In normal random encounter fights with pirates you can usually expect to at least partially recoup your losses using the rewards you get for defeating the opposing ships. The scrapes with the bad-guy fleet however are heavily weighed against you. You have a huge incentive to keep moving forwards and avoid the enemy controlled zones. The effect is that the game is a mad rush to the finish. On most playthroughs you can probably expect to see the final boss within the next hour or so. Then you either win or you die, and you have to start over. Just as the game starts getting good, your ship starts becoming powerful and you start getting interesting weapons, it abruptly ends.
Part to me wanders if this hard time limit was put in by the young game makers in order to mask lack of content? FTL is surprisingly complex but at the same time very simple and reductionist. The combat mechanics and upgrade paths are realized very well – they completely nailed this aspect of the game. It is well thought out, well designed, well executed and polished to high sheen. It works. But the exploration aspect of the game leaves a lot to be desired. The way you progress in the game is by jumping into a system, and experiencing a random encounter. The game basically just rolls the dice, and picks a random result – which 80% of time means a ship-to-ship combat section. The remaining encounters are usually just text descriptions of what is going on sometimes accompanied by a shallow dialog tree. The dialog options usually involve taking some risk (damage to the ship, potential combat encounter, losing a crew member on a mission) in exchange for some reward, or avoiding risks in exchange for nothing. The results are randomly generated and applied immediately. This works well, but in my playthroughs I noticed there are only about a dozen unique encounters, each with 2-3 permutations.
The more you play the game, the more repetitive it gets. The random encounters that seem fun and quirky become routine. After six or seven games you won’t even be reading them anymore. Which is why I imagine they have added the time restriction to the game. Without it, the game would just get boring after a while. As it is, it is an exercise in resource management – how bad-ass can you make your ship in the short alloted time you get before you have to face the final boss. Or how many achievements can you unlock before the game severely punishes you fro not getting with the program. It does add a new dimension to the game play, but at the same time it leaves you slightly disappointed that you can’t fully explore the galaxy or level up all the areas of the ship.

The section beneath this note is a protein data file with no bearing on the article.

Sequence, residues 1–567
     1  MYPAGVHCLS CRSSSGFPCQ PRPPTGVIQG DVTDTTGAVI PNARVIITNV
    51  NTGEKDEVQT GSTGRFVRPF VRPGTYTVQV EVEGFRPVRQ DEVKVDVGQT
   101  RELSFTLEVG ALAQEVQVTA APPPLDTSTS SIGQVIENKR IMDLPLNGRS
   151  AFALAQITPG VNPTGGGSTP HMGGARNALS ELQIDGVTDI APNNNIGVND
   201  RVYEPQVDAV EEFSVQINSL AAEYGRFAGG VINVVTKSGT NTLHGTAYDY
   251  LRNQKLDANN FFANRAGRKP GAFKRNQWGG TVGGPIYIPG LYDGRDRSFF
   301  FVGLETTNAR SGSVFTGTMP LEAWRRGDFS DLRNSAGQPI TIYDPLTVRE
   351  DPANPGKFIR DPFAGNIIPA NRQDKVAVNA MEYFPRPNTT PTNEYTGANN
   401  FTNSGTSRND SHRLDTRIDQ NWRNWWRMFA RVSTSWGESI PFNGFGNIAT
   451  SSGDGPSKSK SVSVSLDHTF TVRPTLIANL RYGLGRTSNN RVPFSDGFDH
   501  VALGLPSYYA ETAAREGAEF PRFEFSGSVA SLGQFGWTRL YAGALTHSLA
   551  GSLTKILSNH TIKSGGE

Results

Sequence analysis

The game could have been so much better. Like Nethack it could have been about fucking around, exploring and dying random deaths. In fact, I think this is what most Kickstarter backers were expecting to get. What ended up being released was a much different game. One which attempts to mask content deficiency by introducing a limiting factor.
Is it worth the $9 on Steam? Yes it is. It is a fun little distraction – perfectly suited for casual play on your lunch break or in-between projects. The combat and crew management is very enjoyable. But as a whole, the game seems unfinished. It seems like a demo version of a much bigger, more complex game. The potential for greatness is there – all that would be needed to turn this game in something truly exceptional, paradigm breaking legend akin to Nethack or Dwarf Fortress is a few more iterations and minor tweaks to game play. Here are the things that could have been in the game but are not: exploring planets for resources, mining, interplanetary trade, ability to buy/sell ships, space banks, etc…
The 60-90 minute game time is a valid design choice… For a phone game. On the PC it feels limiting. It cuts you off at the exact moment you start having a lot of fun. It was a wrong choice. I really hope the team will learn a lesson from this project, and expand on the themes and ideas of this game in the inevitable FTL2 which I’m hoping they will announce sometime soon.